NBA Finals: Derek Fisher comes up big yet again

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Fisher Trophy.jpg

Is if keeps on happening, can it really be a cliche? Derek Fisher was perhaps the worst starting point guard in basketball over the course of the regular season. He did not have a great finals, statistically speaking. He was whisper-quiet for most of game seven. And who made the biggest play of Thursday night’s game seven? 
Derek Fisher, of course. During game four of last year’s Finals, Derek Fisher hit the game-tying three that broke the Magic’s spirits in the waning moments of the game, ultimately leading to the Lakers taking a 3-1 series lead and the championship a game later. 
On Thursday night, Fisher did himself one better. With the Lakers trailing by three points with six and a half minutes remaining in the game, Derek Fisher got the ball at the three-point line when Pau Gasol passed it to him out of a double-team. Rajon Rondo closed out hard, but too much time had passed already. Fisher set up, cocked the ball to his left ear, and let a rainbow shot fly over Rondo’s outstretched hand. 
The ball nearly scraped the ceiling; while it hang in the air, everybody had enough time to realize exactly what was going to happen when the ball down. Swish. Tied NBA Finals. New record for most career 3s in the Finals. The Lakers didn’t fall behind for the remainder of the 2009-10 season. Just one more big shot and one more championship for a player who’s become synonymous with both.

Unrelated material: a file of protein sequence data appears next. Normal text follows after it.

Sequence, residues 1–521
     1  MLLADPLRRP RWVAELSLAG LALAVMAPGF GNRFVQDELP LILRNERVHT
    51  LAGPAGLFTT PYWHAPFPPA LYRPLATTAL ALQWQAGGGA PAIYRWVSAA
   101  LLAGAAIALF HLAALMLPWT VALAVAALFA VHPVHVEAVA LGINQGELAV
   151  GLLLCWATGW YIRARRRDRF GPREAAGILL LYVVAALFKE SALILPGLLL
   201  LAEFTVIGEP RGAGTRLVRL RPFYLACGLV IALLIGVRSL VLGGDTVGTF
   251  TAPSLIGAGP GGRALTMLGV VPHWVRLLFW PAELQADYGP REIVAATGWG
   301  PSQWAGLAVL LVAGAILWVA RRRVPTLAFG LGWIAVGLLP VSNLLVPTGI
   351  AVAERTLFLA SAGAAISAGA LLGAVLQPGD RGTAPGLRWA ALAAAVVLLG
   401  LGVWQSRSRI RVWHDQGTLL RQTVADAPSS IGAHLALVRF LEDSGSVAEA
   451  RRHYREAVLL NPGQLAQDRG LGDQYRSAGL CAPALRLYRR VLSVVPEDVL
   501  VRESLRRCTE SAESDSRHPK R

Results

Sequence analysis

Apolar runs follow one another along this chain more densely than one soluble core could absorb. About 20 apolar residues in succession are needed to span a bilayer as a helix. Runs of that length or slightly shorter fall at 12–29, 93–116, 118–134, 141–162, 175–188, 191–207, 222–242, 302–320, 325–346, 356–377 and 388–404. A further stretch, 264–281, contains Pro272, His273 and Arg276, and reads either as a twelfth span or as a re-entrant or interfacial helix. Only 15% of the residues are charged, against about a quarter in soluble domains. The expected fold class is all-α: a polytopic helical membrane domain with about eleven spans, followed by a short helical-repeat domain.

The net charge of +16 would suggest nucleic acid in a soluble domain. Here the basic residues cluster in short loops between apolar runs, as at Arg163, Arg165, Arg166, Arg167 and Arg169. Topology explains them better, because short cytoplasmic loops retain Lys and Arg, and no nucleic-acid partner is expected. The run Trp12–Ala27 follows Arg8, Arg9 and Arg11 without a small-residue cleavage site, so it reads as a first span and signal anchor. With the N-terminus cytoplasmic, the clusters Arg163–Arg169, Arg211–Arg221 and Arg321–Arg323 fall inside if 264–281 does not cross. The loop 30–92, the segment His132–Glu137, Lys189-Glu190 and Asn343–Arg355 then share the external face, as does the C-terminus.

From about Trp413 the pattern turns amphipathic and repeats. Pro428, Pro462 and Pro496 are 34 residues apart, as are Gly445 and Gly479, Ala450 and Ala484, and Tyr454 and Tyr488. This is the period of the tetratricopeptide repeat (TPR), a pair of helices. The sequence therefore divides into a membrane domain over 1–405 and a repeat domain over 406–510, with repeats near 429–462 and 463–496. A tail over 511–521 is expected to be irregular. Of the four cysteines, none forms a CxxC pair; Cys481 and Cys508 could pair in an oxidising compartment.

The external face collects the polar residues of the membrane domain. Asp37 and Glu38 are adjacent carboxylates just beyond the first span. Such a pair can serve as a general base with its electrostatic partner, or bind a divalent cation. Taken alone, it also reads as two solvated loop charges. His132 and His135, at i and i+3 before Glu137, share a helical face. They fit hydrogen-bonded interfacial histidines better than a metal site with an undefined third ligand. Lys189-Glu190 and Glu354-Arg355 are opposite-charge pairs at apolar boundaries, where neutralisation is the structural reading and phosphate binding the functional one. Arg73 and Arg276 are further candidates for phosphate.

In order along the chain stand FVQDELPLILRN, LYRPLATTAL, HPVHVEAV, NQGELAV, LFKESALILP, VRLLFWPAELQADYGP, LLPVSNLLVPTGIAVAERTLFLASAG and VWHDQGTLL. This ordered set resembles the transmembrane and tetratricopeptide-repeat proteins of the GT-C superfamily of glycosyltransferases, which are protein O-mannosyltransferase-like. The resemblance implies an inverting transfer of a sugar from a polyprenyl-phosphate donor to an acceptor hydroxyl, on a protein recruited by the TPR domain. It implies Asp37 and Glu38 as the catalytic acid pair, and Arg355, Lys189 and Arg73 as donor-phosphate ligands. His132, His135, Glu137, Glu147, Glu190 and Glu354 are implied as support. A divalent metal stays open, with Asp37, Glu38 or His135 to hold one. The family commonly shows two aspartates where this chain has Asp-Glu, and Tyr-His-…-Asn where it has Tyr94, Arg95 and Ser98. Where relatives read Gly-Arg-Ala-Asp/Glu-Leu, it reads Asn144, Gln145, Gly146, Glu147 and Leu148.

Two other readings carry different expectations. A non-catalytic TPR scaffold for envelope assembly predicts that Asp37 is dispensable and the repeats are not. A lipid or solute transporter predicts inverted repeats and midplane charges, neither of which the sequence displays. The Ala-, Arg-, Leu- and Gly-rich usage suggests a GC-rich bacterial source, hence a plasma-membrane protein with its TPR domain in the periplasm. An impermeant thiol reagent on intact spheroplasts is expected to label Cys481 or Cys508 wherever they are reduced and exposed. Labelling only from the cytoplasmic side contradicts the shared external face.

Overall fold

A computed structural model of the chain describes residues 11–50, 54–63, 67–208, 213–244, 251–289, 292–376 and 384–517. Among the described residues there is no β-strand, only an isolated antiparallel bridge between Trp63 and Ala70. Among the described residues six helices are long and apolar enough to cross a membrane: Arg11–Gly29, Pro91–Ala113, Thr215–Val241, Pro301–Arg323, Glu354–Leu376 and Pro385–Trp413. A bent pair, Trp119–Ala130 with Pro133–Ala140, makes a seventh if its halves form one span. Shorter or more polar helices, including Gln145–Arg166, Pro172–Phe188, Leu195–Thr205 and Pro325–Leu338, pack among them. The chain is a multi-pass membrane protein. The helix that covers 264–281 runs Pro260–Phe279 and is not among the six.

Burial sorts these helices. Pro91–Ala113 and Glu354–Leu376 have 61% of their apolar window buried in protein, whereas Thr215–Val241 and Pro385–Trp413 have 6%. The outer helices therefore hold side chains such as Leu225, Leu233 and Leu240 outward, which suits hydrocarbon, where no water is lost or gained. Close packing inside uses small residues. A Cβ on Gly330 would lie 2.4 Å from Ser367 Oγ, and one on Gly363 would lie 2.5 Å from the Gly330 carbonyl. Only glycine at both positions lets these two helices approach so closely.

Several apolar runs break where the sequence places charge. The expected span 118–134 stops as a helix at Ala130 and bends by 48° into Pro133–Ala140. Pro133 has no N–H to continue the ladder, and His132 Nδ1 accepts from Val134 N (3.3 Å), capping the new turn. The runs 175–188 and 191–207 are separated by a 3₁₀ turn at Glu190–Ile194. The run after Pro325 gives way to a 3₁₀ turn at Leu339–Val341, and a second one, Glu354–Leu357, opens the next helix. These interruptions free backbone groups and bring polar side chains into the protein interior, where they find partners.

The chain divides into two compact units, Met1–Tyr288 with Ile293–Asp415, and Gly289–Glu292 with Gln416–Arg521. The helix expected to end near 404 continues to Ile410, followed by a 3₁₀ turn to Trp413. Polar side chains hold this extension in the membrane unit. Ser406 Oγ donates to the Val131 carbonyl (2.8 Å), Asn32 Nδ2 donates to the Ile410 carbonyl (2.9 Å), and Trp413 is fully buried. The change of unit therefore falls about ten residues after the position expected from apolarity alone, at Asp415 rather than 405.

Five seasons ago, Derek Fisher was the backup point guard for a struggling Golden State Warrior team. In fact, he wasn’t even a good backup point guard for a struggling Golden State team. Now he’s the starting point guard on a team that has been to three straight finals and won the last two. In fact, he’s the only Laker to have started every game for the past three seasons. The funny thing is, he’s not any better than he was on the Warriors. He’s still ludicrously slow. His release is still long, and he has a tough time getting any shot off that isn’t a wide-open catch-and-shoot opportunity. He’s not the best ballhandler or playmaker. He has trouble finishing, and doesn’t go to his right very well. 
All Derek Fisher does is play physical defense, come to play every night, make open threes, and never back down from a big shot. That’s all Phil Jackson has ever asked of Fisher, and that’s all Fisher has ever tried to do for Jackson. And all Phil and Fish have done together is win five championships. 
So where does Derek Fisher go from here? He was already never going to have to buy his own drinks in Los Angeles again. (Now somebody might just give him a bar.) He couldn’t really handle the grind of starting 82 games very well this season, and he won’t get any younger this off-season. Jordan Farmar isn’t a world-beater and is more of a traditional point, but he’s a big guard, and can knock down threes well enough to make use of himself in the triangle. He’s just been kept on an (understandably) short leash, and is still prone to mistakes on both ends of the floor because he doesn’t yet believe in himself. With some trust and tutelage, Farmar could absolutely become a worthy successor to Fisher.